As shown in FIGS. 14, 15, and 17, a stop plate 291 may be provided to prevent over-extension or compression of springs 113A and 113B and to prevent them from becoming wrapped around hubs 70A and 70B. Plate 291 may be either within frame 32, as shown in FIGS. 15 and 17 or disposed along the underside of frame 32, as shown in FIG. 14, depending upon the location of springs 113A and 113B. Plate 291 has apertures 293A and 293B through which respective cables 42A and 42B pass and which are adapted to engage respective stops 295A and 295B adjacent the respective connections of springs 113A and B to cables 42A and 42B when the spring has been extended a specified distance. Plate 291 also serves to limit pedal travel at the lower end of the pedal arc. Resilient aperture guards 332A and 332B may be provided adjacent respective apertures 293A and 293B to cushion the arresting action of plate 291 and prevent damage to the cables 42A and 42B or the rest of the drive system.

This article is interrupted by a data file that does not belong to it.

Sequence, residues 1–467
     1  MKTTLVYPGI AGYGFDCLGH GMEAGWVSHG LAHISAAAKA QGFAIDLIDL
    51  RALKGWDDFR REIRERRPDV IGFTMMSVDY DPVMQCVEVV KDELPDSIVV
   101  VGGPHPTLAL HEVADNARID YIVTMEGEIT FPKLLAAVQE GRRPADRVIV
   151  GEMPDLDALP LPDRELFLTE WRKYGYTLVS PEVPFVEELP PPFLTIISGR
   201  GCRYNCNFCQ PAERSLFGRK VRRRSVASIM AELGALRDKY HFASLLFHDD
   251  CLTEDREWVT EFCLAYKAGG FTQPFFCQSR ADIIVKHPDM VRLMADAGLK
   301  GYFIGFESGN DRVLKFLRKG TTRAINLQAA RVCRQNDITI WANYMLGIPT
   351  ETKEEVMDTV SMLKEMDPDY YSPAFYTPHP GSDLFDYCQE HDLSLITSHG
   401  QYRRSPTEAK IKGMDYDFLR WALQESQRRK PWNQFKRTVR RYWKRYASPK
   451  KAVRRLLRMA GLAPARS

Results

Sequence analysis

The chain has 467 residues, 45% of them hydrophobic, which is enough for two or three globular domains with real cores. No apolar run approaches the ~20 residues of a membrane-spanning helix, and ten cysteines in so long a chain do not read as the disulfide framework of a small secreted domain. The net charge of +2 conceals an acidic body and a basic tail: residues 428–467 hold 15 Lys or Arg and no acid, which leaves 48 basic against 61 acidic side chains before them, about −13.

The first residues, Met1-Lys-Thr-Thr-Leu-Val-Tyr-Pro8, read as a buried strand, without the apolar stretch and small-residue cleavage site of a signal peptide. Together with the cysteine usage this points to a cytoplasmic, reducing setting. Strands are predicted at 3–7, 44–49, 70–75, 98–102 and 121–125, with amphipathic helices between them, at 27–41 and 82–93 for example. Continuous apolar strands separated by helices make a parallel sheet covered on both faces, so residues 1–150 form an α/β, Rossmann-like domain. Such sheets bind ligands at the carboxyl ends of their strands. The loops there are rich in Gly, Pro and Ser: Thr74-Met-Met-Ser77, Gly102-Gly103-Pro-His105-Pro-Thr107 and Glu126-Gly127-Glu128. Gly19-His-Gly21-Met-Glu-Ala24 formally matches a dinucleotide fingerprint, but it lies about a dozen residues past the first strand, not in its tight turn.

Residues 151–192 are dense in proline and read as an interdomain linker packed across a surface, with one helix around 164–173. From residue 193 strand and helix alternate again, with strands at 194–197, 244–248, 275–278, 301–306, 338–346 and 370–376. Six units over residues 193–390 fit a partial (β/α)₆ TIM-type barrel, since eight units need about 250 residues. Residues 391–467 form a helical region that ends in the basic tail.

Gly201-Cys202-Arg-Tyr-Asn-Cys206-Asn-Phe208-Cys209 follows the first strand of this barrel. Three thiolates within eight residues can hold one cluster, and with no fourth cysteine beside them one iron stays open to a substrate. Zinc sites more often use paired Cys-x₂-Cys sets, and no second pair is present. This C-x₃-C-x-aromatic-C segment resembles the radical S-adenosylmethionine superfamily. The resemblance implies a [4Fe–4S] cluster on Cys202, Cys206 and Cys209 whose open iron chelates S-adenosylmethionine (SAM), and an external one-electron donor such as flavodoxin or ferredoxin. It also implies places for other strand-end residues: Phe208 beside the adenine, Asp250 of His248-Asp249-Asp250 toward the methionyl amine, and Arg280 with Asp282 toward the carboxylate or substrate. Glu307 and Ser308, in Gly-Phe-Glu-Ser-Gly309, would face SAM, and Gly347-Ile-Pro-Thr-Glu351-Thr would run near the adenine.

Reel type spring assemblies 112A and B as shown in FIG. 13 may also be used as an alternative to springs 113A and 113B to tension cable 42A and 42B. Each reel assembly 112A and 112B is secured to an end of respective cable 42A and 42B, and assemblies 112A and B are secured to frame 32, typically rearwardly of hubs 70A and 70B. Assemblies 112A and 112B may be positioned anywhere close to hubs 70A and 70B so that the cables exit hubs 70A and 70B normal to axle 181. Reel assemblies 112A and 112B are spring wound and serve to maintain a pulling tension on cables 42A and 42B respectively, winding the cables about a reel. As pedal arms 38A and 38B are pushed downwardly, the force of the operator overcomes the spring tension on the cables, causing them to unwind from assemblies 112A and 112B respectively to rotate hubs 70A and 70B. Other types of spring assemblies may be used to tension cables 42A and B and the above examples are not intended to be limiting.